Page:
Launch Services
Launch access has long been the main challenge of smallsat operators. Early university-based efforts to coordinate the launch of several smallsats on a single vehicle go back to 2003, but widespread acceptance of the rideshare model was slow to manifest: additional satellites were seen as an added risk to the primary payload, and even if willing to host secondary payloads, most launch service providers did not want to undertake the task of coordinating many small payloads for minimal added revenue. 

Two developments from the supporting industry were key to countering these challenges: reducing risk and risk perception, and simplifying the process for launch service providers. Universities and commercial players developed canisterized deployers to control secondary payloads until after the primary payload was released.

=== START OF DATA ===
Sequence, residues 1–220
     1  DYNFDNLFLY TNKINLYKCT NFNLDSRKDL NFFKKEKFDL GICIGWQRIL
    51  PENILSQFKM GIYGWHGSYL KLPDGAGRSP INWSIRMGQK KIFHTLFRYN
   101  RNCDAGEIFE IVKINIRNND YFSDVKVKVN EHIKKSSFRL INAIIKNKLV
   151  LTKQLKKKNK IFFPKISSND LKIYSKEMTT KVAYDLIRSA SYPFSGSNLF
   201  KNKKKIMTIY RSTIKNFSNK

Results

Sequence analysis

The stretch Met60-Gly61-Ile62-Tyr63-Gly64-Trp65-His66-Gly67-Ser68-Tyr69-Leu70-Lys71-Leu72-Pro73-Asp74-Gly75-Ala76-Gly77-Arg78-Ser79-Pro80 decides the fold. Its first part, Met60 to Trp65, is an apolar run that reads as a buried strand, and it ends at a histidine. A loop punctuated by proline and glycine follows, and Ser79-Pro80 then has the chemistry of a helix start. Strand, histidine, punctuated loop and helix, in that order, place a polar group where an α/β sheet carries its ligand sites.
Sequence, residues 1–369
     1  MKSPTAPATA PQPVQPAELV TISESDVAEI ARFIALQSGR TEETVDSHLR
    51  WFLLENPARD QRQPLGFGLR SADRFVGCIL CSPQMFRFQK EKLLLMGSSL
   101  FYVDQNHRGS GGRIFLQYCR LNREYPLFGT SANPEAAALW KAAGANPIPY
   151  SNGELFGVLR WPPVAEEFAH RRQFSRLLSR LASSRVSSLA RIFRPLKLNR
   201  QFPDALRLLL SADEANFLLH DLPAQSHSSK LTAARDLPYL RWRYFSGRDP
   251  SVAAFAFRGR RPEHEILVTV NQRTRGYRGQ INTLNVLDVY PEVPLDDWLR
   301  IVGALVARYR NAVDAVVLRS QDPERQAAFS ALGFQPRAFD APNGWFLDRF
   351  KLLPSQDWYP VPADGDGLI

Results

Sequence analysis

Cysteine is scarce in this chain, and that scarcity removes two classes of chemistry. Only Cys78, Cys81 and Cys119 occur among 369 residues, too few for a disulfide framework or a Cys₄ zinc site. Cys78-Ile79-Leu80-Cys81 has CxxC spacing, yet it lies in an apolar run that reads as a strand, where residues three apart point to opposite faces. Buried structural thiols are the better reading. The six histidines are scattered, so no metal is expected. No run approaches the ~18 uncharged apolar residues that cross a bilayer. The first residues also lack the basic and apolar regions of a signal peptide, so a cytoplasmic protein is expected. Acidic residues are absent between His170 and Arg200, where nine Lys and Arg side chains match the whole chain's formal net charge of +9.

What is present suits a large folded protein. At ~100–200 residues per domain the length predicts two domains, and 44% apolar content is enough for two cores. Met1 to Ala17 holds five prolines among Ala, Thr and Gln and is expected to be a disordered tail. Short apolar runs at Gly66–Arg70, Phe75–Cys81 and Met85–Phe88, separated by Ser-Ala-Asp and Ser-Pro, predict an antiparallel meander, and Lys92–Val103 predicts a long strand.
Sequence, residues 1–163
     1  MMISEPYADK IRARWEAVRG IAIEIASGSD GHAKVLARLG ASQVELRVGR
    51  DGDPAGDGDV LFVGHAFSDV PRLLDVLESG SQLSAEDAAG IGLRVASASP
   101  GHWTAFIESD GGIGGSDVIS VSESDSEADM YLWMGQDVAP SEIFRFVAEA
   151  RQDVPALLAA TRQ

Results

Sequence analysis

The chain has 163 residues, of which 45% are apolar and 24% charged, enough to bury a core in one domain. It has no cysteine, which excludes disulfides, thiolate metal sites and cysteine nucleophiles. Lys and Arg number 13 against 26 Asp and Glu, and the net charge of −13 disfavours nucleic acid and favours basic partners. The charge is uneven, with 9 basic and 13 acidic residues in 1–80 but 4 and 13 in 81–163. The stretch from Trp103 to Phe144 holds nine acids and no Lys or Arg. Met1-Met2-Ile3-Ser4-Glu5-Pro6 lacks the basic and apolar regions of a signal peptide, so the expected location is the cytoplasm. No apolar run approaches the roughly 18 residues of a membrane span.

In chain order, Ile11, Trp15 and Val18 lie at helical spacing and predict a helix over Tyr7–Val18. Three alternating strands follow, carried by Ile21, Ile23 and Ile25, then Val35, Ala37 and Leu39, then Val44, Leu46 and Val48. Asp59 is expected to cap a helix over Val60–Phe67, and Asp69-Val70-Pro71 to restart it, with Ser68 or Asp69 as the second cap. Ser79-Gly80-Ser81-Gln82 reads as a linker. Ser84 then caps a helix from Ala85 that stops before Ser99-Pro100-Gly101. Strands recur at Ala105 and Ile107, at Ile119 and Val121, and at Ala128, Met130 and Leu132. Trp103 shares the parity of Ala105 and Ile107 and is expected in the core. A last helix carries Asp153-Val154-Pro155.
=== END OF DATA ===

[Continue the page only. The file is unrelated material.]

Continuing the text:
The advent of commercial launch coordination and brokerage services, such as Spaceflight Industries and Innovative Space Logistics, increased access by simplifying the coordination required of launch service providers and consistently engaging a wider net of vehicles—especially those like Falcon 9 that would have been unavailable without pooling. Brokers also alleviate operator strain by addressing the tasks of export licenses, ITAR compliance, dispensers/deployment systems, and interface control.

 Rideshare continues to provide the highest availability for launches, a consequence of more than twice as many active service providers as present for other launch methods. 

The first ISS cargo deployments in 2012 opened a new avenue to orbit for smallsats and nearly doubled launch rates. While only three players are active, ISS has been a source of an average 51 percent of launch access since NanoRacks established a regular commercial service in 2014.

While access to orbit is critical, access to the right orbit on the right timeline are what the commercial and government/military operator communities require to build a strong business case. As mission goals become more complex, and as constellations are spread across several launches, reaching the right altitude and inclination with every launch is key to optimizing capabilities and satellite lifetime.